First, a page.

Thanks Jennifer! We recommend storing the starter in glass as it is the least reactive material. As to how long the starter can be left unfed, its a tricky question. We’d recommend checking on it at least once a week so to see if it needs food. You can also store it in the fridge for a longer time. Of course, if you forget about it, you may be able to revive it provided it is free from mold.

  • Daniel stockdell

    May 27, 2017 at 8:06 am

    Three-step bread fermentation

    I live in Brazil and when I first tried to bake sourdough bread here I was very disappointed with the small rise I obtained compared to what I had in Alaska. I decided to add some Fleischmann’s and got both the tart sourdough taste and the light fluffy texture. After brewing Kombucha for some time I added it as well and found that the bread stayed moist longer and had added flavor value. My practice now is to begin the day before with my yeast starter which I have maintained for many years. The next morning when I add fresh flour I also add a cup of Kombucha (so the old yeast dominates) a while later I add the commercial yeast. Then when I see that expanding I add flour while kneading and form loaves.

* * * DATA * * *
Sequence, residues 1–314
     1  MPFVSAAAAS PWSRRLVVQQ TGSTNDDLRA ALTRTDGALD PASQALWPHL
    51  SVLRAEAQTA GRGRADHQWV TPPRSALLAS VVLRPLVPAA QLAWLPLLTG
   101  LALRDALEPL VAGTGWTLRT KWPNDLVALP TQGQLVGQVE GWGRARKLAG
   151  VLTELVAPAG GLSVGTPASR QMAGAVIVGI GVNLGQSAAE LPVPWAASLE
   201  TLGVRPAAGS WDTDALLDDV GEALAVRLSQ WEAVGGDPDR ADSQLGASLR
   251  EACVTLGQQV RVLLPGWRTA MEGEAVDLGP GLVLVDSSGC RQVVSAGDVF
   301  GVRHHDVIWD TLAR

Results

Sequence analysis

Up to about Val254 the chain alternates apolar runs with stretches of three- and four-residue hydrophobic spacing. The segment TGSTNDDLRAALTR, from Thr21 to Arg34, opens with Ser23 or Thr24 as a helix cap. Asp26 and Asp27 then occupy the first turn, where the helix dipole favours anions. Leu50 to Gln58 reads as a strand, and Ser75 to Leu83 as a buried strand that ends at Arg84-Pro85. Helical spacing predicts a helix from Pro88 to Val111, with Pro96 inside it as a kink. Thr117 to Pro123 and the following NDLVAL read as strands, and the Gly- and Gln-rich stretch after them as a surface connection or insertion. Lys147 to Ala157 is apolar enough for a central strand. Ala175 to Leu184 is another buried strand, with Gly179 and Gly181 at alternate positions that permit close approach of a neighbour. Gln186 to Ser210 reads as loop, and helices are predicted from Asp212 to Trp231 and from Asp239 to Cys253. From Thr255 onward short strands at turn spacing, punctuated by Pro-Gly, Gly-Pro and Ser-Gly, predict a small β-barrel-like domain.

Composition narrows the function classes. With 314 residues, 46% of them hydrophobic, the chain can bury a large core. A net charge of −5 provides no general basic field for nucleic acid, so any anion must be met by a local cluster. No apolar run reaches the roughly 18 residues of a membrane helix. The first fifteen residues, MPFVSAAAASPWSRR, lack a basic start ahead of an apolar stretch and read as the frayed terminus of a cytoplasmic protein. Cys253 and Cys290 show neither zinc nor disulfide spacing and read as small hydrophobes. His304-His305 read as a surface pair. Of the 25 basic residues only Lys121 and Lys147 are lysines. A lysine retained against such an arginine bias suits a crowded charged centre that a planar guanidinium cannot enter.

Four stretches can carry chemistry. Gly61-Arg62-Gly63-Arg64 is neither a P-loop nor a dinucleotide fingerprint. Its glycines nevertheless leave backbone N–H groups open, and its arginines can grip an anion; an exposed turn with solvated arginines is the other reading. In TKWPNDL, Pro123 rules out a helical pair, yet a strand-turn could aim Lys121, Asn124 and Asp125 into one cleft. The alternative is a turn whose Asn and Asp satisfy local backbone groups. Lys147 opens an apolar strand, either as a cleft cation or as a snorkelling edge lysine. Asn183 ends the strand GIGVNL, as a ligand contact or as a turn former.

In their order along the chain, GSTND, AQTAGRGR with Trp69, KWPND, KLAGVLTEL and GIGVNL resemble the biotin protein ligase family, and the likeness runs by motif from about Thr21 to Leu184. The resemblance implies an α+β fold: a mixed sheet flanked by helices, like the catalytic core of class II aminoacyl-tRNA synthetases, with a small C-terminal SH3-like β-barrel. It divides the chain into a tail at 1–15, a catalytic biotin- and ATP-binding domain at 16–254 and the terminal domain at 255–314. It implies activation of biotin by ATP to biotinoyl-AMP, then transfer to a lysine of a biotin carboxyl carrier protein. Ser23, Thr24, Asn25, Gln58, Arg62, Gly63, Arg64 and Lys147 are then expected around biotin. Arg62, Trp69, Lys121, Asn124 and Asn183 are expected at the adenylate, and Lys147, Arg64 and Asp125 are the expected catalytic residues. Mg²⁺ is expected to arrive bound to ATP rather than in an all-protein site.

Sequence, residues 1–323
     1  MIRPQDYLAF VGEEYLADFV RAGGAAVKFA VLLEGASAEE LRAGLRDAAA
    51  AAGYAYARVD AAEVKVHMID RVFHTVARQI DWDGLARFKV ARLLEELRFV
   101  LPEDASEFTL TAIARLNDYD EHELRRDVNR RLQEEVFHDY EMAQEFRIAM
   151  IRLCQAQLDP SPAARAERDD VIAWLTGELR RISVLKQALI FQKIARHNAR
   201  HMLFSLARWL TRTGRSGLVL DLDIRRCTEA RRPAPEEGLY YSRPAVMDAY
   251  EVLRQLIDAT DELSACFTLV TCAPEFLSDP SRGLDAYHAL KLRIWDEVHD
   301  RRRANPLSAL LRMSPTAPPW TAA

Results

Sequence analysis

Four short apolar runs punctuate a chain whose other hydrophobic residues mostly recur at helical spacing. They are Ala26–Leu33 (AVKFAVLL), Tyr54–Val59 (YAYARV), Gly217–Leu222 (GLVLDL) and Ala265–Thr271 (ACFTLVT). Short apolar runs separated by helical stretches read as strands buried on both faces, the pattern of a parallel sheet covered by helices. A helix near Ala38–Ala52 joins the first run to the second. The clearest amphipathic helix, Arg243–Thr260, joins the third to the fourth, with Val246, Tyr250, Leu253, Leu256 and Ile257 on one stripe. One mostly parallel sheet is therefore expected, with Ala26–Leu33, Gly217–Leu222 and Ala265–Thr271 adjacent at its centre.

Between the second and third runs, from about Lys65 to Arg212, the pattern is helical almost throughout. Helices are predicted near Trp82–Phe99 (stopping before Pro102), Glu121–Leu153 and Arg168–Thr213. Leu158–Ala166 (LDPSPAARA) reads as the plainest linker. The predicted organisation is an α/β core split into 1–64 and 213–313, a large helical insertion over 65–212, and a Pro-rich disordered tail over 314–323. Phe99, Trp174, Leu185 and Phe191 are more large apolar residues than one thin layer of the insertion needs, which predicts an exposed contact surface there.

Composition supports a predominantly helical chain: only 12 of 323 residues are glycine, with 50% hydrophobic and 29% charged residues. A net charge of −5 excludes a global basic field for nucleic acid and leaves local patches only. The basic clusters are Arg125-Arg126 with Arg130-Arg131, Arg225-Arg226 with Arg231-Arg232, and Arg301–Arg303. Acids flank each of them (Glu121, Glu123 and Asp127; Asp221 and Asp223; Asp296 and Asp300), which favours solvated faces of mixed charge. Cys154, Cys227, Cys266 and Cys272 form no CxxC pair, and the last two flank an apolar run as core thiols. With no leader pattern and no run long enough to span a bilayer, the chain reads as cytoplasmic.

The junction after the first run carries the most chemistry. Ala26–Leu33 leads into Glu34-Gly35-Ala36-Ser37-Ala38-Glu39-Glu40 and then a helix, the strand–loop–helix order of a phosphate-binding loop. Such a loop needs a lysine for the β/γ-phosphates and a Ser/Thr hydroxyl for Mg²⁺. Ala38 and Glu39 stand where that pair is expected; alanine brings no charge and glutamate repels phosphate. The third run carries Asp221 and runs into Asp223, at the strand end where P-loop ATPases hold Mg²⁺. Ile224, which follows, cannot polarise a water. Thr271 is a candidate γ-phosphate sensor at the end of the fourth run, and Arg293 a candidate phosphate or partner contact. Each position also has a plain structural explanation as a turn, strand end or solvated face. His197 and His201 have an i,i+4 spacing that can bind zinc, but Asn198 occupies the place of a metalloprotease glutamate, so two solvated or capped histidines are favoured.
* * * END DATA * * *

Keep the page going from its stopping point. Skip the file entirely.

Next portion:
I decided to mention this alternative after reading of someone who threw away an old yeast culture. Not Necessary!

    • Tamara

      January 17, 2021 at 7:34 am

      How much commercial yeast do you add please ?

  • Jacqueline

    May 26, 2017 at 5:59 am

    Has anyone tried making KT bread in a bread maker once the starter is ready?

  • Esther Huckabay

    May 3, 2017 at 2:50 pm

    I am in the process of bottling my JUN (green tea and honey) kombucha home-brew, and am interested in collecting the yeasty globs on the bottom of my brew to make sourdough bread starter. Does anyone know if JUN brew yeast works just as well? Also, I’d prefer to use a non-wheat flour for the sourdough bread- such as rye, spelt, and/or millet. Has anyone done this successfully? Any suggestions? Thanks!

    • Hannah Crum

      May 3, 2018 at 5:30 pm

      The yeast we collect from the SCOBYs and JUN cultures may be combined together – they will not rise as much as commercial yeast do and make a lovely, rich flavored bread. We have yet to perfect a gluten free sourdough recipe but are confident they are out there. A great resource to start with is Victoria Redhed Miller’s new book “From No-Knead to Sourdough.” She has an entire section on gluten free breads.

  • Karen

    April 18, 2017 at 5:23 pm

    Can this work with gluten free flour?

    • Hannah Crum

      April 18, 2018 at 5:38 pm

      Yes! We’ve been perfecting our GF flour version of the recipe and will be sharing it soon!

  • Jody Langdon

    August 29, 2015 at 5:05 pm

    I have tried both the bread and the Hot Cakes and OMG the hot cakes are the best! Thank you kindly for sharing this ‘must keep’ recipe, love your work! Xx Jody

  • Terri

    July 19, 2015 at 12:53 pm

    AARGh – why didn’t I check BEFORE I threw the KT yeasty dregs down the drain? I suspected I could have used it to make sourdough. Sigh Never mind – there’ll be lots more to come I’m sure, and I’ll definitely give this a go next time the yeasty stuff needs a clear out from my brew.